One example for the RightScale way is, that all the so-called RightScripts will attempt to start services on reboot for you, instead of registering them with the init system (e.g., on Ubuntu, update-rc.d foo defaults) when they are set up.

You may argue that RightScale's attempt will provide you with a maybe more detailed protocol of what happened during the boot sequence, but at the same time it provides more potential for errors and introduces another layer around what the operating system provides, and what generally works pretty well already.

PHP and RightScale

RightScale's sales team knows how to charm people, and when I say charm, I do not mean scam (just for clarity)! :-)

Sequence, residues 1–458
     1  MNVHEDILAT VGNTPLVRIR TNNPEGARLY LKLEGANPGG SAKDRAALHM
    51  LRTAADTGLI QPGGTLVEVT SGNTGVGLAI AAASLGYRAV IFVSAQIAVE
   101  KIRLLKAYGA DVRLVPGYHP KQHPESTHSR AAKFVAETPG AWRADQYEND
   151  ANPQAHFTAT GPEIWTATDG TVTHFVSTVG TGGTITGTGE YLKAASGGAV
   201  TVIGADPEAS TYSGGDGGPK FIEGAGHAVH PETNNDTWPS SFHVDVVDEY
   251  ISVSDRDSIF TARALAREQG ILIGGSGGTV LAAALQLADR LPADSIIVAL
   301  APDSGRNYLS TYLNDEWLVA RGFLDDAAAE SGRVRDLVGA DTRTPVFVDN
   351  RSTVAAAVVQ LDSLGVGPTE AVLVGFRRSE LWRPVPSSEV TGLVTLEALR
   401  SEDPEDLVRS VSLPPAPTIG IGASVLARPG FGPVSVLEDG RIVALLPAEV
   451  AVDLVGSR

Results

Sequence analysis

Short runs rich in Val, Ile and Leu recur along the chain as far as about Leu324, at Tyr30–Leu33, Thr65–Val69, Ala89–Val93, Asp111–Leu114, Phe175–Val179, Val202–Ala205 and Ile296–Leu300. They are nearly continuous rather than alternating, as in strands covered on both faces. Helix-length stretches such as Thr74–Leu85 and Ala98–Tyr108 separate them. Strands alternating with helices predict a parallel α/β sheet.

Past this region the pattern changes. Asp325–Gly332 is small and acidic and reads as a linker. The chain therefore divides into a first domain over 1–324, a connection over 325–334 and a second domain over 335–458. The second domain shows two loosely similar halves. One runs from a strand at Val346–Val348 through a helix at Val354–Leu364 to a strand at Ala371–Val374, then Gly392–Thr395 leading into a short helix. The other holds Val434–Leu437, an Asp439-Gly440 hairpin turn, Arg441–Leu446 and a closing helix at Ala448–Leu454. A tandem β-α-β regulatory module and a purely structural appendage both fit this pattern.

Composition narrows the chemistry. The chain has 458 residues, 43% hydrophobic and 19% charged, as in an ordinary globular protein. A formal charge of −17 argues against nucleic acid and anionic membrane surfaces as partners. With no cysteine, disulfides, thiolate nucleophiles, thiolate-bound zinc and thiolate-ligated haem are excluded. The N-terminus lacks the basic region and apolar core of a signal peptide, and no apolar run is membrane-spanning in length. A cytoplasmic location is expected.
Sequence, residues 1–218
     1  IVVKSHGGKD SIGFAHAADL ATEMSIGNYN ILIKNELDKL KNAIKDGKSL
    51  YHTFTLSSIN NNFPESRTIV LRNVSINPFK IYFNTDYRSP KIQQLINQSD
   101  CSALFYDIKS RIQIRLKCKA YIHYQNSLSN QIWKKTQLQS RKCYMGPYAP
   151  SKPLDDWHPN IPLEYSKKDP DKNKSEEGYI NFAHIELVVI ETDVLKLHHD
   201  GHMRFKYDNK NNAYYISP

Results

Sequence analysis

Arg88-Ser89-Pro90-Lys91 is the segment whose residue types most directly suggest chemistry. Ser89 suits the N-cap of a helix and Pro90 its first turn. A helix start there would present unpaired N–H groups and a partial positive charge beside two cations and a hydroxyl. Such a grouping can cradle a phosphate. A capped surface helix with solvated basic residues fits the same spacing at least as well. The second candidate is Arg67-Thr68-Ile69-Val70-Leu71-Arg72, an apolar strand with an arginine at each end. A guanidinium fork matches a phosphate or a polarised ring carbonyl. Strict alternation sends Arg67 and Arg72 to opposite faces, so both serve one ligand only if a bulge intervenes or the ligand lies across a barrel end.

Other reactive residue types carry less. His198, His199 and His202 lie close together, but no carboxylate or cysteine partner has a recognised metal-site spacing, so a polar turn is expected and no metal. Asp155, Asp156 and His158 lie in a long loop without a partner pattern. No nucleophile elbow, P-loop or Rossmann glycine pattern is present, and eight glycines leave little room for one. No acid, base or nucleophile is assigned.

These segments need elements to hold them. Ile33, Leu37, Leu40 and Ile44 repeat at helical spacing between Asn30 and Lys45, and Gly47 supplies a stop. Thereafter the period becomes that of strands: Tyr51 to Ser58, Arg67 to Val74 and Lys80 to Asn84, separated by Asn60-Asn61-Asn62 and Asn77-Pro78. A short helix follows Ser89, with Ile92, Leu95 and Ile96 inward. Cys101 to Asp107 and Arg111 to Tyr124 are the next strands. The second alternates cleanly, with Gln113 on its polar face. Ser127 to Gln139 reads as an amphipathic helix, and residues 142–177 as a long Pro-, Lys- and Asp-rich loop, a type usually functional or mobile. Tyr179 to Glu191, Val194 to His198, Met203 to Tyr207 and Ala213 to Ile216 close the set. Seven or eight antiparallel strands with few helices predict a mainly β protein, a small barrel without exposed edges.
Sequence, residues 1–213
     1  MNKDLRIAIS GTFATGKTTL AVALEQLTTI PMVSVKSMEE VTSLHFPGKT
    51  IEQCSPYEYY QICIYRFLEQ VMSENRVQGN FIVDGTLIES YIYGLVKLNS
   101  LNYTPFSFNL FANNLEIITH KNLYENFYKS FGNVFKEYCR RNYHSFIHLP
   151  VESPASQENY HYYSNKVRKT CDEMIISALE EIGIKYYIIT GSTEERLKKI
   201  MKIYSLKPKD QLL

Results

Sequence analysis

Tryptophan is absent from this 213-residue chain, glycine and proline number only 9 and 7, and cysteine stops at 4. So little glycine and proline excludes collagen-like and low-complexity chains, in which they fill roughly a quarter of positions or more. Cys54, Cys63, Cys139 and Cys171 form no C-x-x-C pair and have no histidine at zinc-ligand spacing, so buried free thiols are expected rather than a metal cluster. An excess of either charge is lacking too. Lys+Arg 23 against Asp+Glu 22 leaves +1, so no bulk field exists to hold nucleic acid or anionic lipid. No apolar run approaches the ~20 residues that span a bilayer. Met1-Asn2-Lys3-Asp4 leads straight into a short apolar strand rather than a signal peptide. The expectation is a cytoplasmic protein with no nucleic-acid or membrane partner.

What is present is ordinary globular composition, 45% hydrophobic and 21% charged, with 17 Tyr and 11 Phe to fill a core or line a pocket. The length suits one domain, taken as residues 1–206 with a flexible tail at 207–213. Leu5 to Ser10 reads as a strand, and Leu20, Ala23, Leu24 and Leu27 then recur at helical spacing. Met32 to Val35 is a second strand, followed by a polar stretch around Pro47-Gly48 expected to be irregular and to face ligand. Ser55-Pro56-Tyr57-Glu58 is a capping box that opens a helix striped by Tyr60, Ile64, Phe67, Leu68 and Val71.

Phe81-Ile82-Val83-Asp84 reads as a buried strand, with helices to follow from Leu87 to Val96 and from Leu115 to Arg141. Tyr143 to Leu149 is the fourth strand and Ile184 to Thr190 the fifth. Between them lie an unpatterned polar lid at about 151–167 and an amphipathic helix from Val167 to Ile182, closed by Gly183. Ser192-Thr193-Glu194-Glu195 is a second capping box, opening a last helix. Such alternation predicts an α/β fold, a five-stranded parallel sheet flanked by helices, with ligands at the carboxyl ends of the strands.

The demos are very impressive and the client show cases not any less. Where they really need to excel though are PHP-related demos because not everyone in the world runs Ruby on Rails yet. No, really — there's still us PHP people and also folks who run Python, Java and so on.

Coming from the sales pitch, I felt disappointed a little because a standard PHP setup on RightScale is as standard as you would think three years ago. mod_php, Apache2 and so on. The configuration itself is a downer as well, a lot of unnecessary settings and generally not so speedy choices. Then remember that neither CentOS nor Ubuntu are exactly up to date on packages and add another constraint to the mix — Ubuntu is on 8.04 which is one and half years in the past as I write this entry.

And even though I can relate to RighScale's position — in terms of that supporting customers with all kinds of different software is a burden and messy to say the least — I am also not a fan.

Scaling up